Female Leaders and Asia’s Gender Gap

(Photo: AFP)

(Photo: AFP)

When I heard the news that Park Geun-hye – daughter of the late Park Chung Hee – won the latest presidential elections in South Korea, the first thought that came to my mind was “yet another Asian women keeping her political dynasty alive?”

Benazir Bhutto. Sonia Gandhi. Aung San Suu Kyi. Yingluck Shinawatra. And now Park Geun-hye. What they all have in common is their familial connections to power. They are all widows, daughters, or sisters who inherited the political mantle from their male family members. While it is remarkable that Asia as a region has had more women heads of states than any other place in the world, Asia (from Japan to India to Thailand) is not light-years ahead in terms of gender equality overall.

When you look at gender gaps in Asia in terms of health, educational attainment, or women’s leadership, men and women are far from being equal . In countries where human development for men and women are almost identical – such as Japan and South Korea – women perform poorly in leadership measurements, including the proportion of women on corporate boards and wage equality. Moreover, despite having the world’s highest number of female heads of state, Asia has very low percentage of women in its parliaments.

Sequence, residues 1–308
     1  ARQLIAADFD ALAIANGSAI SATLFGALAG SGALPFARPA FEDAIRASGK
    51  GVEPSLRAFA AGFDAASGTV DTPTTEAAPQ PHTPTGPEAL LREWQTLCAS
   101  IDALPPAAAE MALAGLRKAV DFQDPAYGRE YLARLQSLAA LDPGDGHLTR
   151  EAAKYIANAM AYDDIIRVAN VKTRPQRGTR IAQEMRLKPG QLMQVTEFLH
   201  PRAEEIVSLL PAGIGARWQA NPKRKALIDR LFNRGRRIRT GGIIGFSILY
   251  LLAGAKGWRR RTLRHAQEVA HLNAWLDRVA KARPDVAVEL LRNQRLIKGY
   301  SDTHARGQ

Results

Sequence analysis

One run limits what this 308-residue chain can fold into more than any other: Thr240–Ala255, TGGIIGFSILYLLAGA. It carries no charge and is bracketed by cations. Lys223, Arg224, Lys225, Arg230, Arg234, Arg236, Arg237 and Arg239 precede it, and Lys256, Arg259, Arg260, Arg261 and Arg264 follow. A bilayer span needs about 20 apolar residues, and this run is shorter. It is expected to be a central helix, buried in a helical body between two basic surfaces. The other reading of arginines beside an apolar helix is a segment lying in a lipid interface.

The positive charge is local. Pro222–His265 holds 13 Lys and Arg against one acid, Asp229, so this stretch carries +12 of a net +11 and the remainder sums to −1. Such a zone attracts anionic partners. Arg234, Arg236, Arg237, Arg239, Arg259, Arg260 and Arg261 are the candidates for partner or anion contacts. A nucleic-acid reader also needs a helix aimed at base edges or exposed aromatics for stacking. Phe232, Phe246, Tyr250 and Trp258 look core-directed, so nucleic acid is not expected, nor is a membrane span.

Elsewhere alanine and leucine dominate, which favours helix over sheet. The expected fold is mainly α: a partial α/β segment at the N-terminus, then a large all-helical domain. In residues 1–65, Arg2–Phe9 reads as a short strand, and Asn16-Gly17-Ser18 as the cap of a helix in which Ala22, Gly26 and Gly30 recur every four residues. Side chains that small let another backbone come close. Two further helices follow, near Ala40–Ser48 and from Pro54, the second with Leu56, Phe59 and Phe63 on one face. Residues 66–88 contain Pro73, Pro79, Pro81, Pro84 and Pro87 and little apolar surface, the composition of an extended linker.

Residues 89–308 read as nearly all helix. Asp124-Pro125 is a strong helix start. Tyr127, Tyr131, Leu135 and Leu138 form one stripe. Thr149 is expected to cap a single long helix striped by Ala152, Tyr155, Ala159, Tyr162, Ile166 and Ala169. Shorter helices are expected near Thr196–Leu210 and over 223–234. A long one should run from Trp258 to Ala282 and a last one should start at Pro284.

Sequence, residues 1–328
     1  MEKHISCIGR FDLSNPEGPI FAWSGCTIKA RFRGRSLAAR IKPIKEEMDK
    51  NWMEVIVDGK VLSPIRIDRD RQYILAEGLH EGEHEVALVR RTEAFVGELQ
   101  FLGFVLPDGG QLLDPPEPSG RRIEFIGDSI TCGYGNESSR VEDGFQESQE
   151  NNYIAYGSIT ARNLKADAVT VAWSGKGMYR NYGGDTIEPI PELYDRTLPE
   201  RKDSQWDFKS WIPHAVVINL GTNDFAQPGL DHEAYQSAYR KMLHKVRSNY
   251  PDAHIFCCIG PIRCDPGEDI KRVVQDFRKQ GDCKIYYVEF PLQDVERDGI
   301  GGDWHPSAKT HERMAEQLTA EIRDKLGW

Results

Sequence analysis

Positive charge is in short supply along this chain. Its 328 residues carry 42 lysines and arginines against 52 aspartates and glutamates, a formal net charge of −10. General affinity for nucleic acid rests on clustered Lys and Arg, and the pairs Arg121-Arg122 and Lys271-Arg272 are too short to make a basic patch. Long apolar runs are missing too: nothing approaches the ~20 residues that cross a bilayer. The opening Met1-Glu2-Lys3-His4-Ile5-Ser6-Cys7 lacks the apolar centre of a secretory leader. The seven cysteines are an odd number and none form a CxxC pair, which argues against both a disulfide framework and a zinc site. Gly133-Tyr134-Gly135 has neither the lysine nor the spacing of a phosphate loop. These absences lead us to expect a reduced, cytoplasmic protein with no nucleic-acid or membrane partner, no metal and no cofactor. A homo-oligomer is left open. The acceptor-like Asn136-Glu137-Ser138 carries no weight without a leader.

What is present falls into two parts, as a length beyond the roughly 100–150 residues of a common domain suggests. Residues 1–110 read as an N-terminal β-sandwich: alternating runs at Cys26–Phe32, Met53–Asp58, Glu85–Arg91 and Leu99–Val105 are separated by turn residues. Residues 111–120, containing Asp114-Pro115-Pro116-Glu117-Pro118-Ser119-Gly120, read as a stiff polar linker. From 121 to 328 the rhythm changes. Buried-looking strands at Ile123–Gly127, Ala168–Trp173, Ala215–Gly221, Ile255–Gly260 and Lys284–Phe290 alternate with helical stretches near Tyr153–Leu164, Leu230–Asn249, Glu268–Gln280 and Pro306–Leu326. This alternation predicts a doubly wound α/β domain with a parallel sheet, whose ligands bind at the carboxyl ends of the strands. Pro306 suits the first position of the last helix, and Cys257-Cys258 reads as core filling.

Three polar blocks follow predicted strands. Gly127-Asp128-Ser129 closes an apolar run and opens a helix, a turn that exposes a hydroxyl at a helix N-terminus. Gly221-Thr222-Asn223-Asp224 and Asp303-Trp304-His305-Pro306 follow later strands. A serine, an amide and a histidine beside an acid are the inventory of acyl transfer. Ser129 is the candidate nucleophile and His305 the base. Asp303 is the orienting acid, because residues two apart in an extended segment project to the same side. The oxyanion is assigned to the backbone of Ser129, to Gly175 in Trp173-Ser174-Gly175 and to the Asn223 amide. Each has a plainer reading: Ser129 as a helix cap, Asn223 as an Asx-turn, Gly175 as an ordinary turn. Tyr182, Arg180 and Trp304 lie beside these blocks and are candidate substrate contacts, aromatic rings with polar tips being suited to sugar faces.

This paradox — of having women rise to the highest level of power in patriarchal societies throughout Asia while the general female population is far from achieving equality — is quite troubling. As these female leaders inspire other women in their countries to become empowered like them, how can women outside of elite circles rise to various leadership roles within their companies or communities?

While it’s worthy of celebrating these strong-willed female leaders in Asia, these women also have the duty to address gender gap issues in their countries and strengthen initiatives to help other women in their countries become empowered — whether that means politically, economically or socially.

As we continue to witness more women become heads of states or members of parliament, it’ll be worthwhile to monitor their progress on addressing gender gaps in their respective countries.

Maiko Nakagaki is Program Officer for Global Programs at CIPE.

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